Petty’s Garage-tuned 2021 Dodge Challenger Hellcat Super Stock

Petty’s Garage-modified 2021 Dodge Challenger Hellcat Super Stock, estimated at $125,000-$135,000 at GWS Auctions May 25.
Petty’s Garage-modified 2021 Dodge Challenger Hellcat Super Stock, estimated at $125,000-$135,000 at GWS Auctions May 25.

AGOURA HILLS, CA – When Fiat Chrysler America (FCA, the precursor to today’s Stellantis) reintroduced the Challenger nameplate to its Dodge brand in 2008, it had to match years of 1970s pony car glory earned by the original Challenger, which was in production between 1970 and 1974. Built on the same platform as the Chrysler 300 and Dodge Charger, the Challenger was a rarity in the contemporary automotive market – a coupe, and increasingly, one with radically strong power plants, making it a street beast of the likes not seen since the original late-1960s muscle car era.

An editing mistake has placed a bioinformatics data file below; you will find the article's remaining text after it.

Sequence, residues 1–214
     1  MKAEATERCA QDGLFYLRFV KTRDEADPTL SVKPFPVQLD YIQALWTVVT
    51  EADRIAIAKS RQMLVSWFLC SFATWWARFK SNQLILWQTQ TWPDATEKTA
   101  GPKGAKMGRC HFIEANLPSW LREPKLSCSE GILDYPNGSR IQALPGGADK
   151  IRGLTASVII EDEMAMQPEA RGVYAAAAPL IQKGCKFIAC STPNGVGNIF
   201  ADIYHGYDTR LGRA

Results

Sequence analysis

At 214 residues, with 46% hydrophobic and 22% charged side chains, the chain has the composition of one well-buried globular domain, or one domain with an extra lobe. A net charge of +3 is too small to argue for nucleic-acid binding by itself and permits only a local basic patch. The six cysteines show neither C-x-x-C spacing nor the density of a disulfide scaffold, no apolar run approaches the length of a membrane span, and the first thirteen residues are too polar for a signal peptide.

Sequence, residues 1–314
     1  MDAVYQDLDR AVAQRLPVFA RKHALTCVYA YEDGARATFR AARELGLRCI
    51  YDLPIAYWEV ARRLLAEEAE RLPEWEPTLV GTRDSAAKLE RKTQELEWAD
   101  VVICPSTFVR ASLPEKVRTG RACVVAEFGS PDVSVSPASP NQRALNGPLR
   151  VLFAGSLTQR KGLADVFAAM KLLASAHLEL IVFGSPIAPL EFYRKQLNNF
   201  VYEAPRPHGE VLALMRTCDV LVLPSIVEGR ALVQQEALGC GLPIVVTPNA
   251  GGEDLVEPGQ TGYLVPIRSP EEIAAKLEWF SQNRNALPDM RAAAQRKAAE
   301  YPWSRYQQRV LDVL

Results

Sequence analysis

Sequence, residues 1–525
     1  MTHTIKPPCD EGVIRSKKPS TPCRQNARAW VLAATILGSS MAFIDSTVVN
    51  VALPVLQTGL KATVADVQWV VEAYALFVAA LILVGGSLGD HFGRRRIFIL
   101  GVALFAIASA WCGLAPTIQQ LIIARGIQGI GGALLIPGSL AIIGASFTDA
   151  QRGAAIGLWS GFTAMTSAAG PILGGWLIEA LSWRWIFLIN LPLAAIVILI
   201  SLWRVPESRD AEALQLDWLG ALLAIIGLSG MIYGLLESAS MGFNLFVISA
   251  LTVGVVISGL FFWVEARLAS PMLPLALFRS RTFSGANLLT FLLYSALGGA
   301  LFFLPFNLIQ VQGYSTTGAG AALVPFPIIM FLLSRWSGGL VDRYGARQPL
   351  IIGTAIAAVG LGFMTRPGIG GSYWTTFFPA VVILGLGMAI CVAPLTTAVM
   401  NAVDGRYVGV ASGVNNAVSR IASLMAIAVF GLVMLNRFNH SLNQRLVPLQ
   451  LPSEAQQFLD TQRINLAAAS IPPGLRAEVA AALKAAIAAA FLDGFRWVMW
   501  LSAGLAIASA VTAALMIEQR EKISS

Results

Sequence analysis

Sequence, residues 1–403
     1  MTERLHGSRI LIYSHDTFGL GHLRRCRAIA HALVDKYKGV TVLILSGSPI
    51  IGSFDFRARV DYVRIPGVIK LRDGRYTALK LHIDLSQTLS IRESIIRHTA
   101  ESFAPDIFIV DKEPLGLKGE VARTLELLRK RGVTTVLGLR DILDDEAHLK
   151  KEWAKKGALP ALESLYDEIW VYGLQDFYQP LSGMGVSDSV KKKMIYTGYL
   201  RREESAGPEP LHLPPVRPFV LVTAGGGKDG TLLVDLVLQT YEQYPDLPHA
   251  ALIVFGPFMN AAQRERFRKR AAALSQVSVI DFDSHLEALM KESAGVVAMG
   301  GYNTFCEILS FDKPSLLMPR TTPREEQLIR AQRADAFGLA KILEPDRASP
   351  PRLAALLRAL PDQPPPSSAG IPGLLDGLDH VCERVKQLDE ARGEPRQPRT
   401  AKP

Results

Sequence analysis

Sadly, rather than retool and evolve, the platform was discontinued in December 2023 by Stellantis at its Brampton, Ontario plant ‘to focus on electric vehicles’ as mandated by the Environmental Protection Agency. However, it is likely this decision will be reversed as continued declines in EV sales worldwide lead to six-month (and greater) EV inventories sitting on dealer lots.